BELGRADE, Serbia and Montenegro — The Serbian government made a hard turn to the right in parliamentary elections Sunday as voters strongly endorsed an ultranationalist party led by a war crimes indictee now jailed in The Hague.
Analysts said the first-place finish of Vojislav Seselj's Serbian Radical Party, which won 28% of the seats in parliament, according to preliminary results, was due to voters' frustration with the previous government's perceived corruption and failure to create jobs. Slobodan Milosevic's Socialists also garnered some support, taking at least 7% of the vote.
Despite the ultranationalists' performance, it appeared that they would be unable to form a government and that moderate, pro-Western parties would instead assemble a ruling coalition with the aid of two parties seeking to bring back the monarchy.
But the strong showing of the ultranationalists forced representatives of more moderate parties to say that the new government coalition would give some deference to their views.
"We will have to take these parties into account.... We have to pay attention to the dissatisfaction with the way the country was led," said Ksenija Milivojevic, a representative of G-17 Plus, a group of economists that recently formed a political party and is expected to be part of the new ruling coalition. "We must take care, or this trend will escalate in the next elections."
Even before it was formed, the new government's stability was in doubt. Experts said that its expected members would almost certainly have widely divergent views on key issues such as privatizing state-run enterprises, the future of the province of Kosovo and whether accused war criminals should be handed over to the U.N. war crimes tribunal in The Hague.
"I expect we'll see another government elected in six to 12 months," said Bratislav Grubacic, a political analyst in Belgrade, the capital.
The outcome of Sunday's vote was testimony to the deep disappointment with the current economic and social situation in Serbia, where the gross domestic product shrank this year and is expected to make little headway in 2004.
"It was a huge failure by the last government that it did not succeed in improving the economy.... People hope that the Radicals will provide job stability," said Miroslav Prokopijevic, an economic and political analyst in Belgrade.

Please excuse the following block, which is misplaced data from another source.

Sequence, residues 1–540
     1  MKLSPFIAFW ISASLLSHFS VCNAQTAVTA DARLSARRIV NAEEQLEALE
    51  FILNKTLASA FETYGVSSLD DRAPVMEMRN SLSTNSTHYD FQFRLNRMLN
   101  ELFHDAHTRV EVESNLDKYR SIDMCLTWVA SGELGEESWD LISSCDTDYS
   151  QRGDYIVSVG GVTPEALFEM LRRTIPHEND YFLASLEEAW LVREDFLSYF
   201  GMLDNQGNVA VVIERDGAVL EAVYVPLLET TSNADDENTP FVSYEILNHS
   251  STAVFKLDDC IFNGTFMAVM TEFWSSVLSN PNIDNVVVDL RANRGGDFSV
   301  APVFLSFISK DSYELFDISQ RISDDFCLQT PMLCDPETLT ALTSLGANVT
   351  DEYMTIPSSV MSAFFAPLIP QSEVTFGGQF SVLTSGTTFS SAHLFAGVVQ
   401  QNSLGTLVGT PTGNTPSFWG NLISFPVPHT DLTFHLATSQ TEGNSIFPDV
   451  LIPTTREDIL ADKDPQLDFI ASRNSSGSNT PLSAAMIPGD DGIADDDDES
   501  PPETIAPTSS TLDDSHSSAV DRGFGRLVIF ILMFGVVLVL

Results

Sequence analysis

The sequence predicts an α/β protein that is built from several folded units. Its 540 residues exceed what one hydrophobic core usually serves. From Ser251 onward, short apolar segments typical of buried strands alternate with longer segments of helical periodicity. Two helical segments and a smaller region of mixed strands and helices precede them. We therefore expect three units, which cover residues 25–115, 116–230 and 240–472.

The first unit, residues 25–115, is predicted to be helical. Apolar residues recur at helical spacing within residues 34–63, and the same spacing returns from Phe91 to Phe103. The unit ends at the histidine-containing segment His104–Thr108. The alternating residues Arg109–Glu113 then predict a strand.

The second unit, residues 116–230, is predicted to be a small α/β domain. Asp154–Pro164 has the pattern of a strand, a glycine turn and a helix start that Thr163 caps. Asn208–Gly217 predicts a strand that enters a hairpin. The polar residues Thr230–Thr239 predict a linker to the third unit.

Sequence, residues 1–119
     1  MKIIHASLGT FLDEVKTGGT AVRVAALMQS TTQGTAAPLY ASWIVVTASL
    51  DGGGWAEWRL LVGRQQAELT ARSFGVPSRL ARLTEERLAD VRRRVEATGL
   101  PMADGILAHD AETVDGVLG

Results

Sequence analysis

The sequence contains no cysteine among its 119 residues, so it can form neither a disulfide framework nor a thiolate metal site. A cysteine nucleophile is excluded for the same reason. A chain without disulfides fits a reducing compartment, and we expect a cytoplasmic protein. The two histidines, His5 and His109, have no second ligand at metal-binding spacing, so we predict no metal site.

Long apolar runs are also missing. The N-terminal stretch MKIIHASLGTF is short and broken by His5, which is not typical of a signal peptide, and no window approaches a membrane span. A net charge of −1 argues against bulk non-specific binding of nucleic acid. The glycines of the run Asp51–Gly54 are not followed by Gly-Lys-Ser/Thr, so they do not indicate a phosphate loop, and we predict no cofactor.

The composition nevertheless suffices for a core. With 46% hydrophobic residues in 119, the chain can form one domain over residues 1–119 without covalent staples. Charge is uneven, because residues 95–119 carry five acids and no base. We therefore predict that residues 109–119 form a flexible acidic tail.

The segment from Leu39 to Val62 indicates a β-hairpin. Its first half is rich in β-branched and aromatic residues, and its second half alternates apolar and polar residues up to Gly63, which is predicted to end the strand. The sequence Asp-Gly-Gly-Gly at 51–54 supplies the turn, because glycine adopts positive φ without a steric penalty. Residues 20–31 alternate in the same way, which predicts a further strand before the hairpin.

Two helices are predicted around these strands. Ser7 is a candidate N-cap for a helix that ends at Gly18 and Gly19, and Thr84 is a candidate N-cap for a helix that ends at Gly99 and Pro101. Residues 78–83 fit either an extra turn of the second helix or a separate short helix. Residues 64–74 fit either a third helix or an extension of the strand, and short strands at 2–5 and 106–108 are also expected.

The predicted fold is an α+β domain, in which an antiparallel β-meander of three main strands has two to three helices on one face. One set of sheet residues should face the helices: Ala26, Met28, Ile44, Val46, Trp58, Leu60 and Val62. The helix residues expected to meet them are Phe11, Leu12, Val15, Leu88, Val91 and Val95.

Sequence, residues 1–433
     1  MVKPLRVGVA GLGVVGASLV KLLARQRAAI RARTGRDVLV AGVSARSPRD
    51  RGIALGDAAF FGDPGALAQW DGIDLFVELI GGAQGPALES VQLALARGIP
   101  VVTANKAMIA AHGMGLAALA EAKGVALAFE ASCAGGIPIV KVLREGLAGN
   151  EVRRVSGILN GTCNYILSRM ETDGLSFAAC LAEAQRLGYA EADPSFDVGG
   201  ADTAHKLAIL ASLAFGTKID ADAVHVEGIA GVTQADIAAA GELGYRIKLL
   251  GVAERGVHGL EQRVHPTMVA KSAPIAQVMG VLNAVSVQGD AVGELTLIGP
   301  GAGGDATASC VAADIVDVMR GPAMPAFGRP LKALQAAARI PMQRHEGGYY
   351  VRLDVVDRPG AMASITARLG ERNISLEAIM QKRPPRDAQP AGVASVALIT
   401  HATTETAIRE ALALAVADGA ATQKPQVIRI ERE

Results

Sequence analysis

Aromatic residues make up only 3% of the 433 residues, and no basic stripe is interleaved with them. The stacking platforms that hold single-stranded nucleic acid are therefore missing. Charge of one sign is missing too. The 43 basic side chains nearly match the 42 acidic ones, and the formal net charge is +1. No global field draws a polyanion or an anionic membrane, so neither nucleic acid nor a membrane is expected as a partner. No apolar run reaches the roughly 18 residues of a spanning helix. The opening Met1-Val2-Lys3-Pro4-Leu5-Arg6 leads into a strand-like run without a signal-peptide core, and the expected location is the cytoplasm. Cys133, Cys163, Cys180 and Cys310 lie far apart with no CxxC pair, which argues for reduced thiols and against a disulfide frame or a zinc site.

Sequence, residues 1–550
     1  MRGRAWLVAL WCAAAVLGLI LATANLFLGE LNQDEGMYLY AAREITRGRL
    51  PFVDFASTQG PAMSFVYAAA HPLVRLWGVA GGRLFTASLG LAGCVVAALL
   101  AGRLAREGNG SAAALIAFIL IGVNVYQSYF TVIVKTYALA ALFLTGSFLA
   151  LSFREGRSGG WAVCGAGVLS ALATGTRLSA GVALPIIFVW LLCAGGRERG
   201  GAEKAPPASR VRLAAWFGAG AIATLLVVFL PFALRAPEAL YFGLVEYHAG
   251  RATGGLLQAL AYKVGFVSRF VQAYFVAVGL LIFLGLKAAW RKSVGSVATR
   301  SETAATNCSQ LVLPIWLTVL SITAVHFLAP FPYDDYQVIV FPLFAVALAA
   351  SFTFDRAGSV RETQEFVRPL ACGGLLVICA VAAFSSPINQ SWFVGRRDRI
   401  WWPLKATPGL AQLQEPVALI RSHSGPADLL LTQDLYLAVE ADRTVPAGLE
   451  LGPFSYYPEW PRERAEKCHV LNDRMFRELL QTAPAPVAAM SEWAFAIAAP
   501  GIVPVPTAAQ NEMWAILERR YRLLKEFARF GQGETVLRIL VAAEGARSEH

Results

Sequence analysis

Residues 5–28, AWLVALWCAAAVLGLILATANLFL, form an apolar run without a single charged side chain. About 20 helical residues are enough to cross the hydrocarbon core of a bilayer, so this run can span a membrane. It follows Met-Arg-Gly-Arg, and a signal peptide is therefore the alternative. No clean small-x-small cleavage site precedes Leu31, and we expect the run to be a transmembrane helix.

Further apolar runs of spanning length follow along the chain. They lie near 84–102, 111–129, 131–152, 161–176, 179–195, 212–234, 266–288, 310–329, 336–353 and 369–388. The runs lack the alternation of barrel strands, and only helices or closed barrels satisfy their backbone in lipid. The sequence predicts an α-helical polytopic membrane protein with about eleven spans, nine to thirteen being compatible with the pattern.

Harder to assess was the effect of the ongoing war crimes trials in The Hague on the elections. At the least, they seemed to have enhanced the profile of figures such as Milosevic and Seselj, whom many outside Serbia regard as pariahs.
Seselj is accused of rallying a paramilitary force that allegedly committed crimes against humanity between 1991 and 1993 in Croatia and Bosnia-Herzegovina. Milosevic is facing more than 60 counts, including crimes against humanity and genocide, in the Balkan wars of the 1990s.
But among Serbs, the Milosevic trial in particular has had unintended effects, engendering pride in the former leader for his defiance of Western powers and the trial prosecutors.
There is a strong sense among Serbs that the West -- and the United States in particular -- disapproves of their nation's political choices. They feel outraged the country should have to kowtow to outsiders.
"People always object to Serbs. Even if the Serbian people vote for the Radicals, the West should not trample on us," said Ljiljana Djuric, a housewife in the Belgrade suburb of Zaman. "They should respect the will of our nation."
The campaign itself was a wild ride in which Milosevic and Seselj campaigned for seats in parliament from their Hague prison cells, giving interviews over the phone and directing the campaigns of their respective political parties. Two other indicted war criminals, who have not yet gone to The Hague, were also on the ballot.
Seselj even defied a ban on phone interviews last week to make a final rousing speech to his Radical Party followers -- a ploy that seems to have worked, as more than 1 million Serbs came out to vote for him.
The main appeal of the ultranationalist parties, and Seselj's in particular, was the promise of more jobs, lower prices and a halt to the privatization of government-owned companies, a process many Serbs associate with job loss.
Running on the slogan "Radically Better," the party reached out to the large swath of disenfranchised middle-aged voters who have lost jobs as Serbia shudders toward a more market-driven economic system.
The Radicals' platform decried the former government as a corrupt group of thieves and called on those "who have been humiliated, insulted, who have lost your jobs" to vote for Seselj's party. His party also ran against the Hague tribunal and the Western community, which has threatened to cut off economic aid unless Serbia complies with the court's demands.
Despite the campaign promises, there seemed little hope to spare on voting day in the Serbian heartland. At one polling place outside Belgrade, every person interviewed Sunday said they had low expectations regardless of which party won.
"I don't think much will change, and everything has to change," said Ilija Tasic, 19, a dental student who cast his ballot for a pro-monarchy coalition. "The current government did not manage to start the economy at all."